A few months ago, I participated in a Great TV Turnoff experiment. Me and some of my friends unplugged from TV Land for 7 days straight. No kids shows, no Daily Show, it all went black. I thought it would be really hard, and there were a few moments where I desperately wanted to soothe the savages with an episode of Little Einsteins, but it turned out to be a really great week. It forced me to find other ways to pass the time, to call on my creativity and think outside the Black Box.

It's time to challenge myself again and it's definitely time for a swift (figurative, please) boot to the head. For the next 30 days, I'm going on a spending boycott. If it's not essential, I'm not buying it. No books, no lattes, no lunches, no toys, no clothes. Nothing. This means groceries that we will actually be eating and only what's on the list. This means bringing my lunch to playdate instead of stopping at the drive-thru. This means no Starbucks, Old Navy or Borders.

This means no Target. Not once, not for 30 days. (As Kurt reads this line, he'll first jump for joy. Then he'll laugh his ass off, because I'm sure he doesn't think I have a chance in hell of sticking to it.)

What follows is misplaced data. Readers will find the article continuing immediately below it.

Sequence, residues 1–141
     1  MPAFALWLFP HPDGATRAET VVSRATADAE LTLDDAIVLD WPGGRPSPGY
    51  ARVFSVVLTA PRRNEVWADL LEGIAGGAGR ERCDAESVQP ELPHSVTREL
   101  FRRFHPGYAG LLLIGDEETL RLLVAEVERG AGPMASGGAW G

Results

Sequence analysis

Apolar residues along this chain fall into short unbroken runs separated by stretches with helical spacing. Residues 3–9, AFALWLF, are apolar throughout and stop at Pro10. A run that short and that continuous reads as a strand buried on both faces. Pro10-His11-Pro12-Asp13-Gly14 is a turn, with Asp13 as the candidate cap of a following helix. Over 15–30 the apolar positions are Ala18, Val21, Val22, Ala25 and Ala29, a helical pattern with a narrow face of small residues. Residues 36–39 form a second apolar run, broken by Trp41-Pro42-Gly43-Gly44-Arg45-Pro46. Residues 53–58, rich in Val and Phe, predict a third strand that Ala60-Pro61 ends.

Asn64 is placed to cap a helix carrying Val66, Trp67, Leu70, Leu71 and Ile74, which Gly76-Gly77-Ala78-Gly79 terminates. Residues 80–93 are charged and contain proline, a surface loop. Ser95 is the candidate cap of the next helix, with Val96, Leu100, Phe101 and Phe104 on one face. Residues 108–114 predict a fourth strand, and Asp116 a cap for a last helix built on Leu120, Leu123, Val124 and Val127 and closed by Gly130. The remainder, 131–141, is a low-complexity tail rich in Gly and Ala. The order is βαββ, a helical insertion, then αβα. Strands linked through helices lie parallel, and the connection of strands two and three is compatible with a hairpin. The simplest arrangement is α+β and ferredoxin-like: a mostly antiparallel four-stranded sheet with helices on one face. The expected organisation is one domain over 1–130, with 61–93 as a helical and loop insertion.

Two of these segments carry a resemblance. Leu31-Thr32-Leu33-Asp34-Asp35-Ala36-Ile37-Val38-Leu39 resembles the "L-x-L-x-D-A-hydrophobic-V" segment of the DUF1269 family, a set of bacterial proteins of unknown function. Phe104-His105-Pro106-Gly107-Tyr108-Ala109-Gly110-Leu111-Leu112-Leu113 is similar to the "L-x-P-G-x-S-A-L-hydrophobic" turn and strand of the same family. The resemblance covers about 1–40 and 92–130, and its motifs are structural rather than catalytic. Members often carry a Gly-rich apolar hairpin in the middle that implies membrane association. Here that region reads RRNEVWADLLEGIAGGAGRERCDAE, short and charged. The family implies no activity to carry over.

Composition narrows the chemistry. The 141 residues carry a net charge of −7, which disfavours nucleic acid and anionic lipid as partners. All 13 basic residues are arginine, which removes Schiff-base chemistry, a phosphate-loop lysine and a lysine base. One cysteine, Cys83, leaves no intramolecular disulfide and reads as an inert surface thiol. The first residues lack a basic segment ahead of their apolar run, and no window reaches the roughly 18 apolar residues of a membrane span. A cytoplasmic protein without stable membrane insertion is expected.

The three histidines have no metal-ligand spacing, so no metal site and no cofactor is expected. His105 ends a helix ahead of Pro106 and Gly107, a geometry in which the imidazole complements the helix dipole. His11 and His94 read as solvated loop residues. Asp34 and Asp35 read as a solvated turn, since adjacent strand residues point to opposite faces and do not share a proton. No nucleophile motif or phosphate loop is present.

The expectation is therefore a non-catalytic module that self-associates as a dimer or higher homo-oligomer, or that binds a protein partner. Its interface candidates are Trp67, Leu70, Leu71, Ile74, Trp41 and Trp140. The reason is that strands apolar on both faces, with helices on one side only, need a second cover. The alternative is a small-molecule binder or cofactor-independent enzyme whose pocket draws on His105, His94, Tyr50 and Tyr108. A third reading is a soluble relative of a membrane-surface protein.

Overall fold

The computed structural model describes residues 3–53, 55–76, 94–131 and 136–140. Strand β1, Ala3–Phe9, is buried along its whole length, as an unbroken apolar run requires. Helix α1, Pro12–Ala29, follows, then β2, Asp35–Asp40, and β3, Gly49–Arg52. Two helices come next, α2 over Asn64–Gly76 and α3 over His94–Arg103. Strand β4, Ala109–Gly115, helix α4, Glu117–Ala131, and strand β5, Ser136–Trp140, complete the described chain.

Don't think I can do it, either, do you? Watch and see. Leave me a comment with your predictions. I'll post my progress... and if I fail, I promise to own up to it.

And keep the receipts for returns.

August 22, 2007

Belly Flop

"You don't really have the figure for a bikini, you're a little too chubby around the middle."

A family friend said this to me when I was 11. ELEVEN. I was young and cute and puberty had only barely brushed my surface and I just wanted something fun for the 6th grade pool party. She didn't mean any harm. But to this day I have NEVER worn a bikini, ever... because, you see, I just don't have the figure for it.

It's funny how these little random comments, said off-the-cuff and with no malicious intent, can stick with you for so long. At eleven years old, without realizing what was happening, the foundation for my self-image was laid down. Every time I look in the mirror, there's a part of me that murmurs some version of that one, devastating line.

I have let that moment color every other experience having to do with how I look. When I'm around thin people, I make jokes about how big I am because I am convinced that they are thinking it, too, so why not just say something and get it all out in the open? It's a habit that drives my husband crazy. He always gets this look on his face, the closest to angry he ever really comes with me, and says some version of, "Sweetheart, PLEASE don't do that. There's nothing wrong with the way you look!".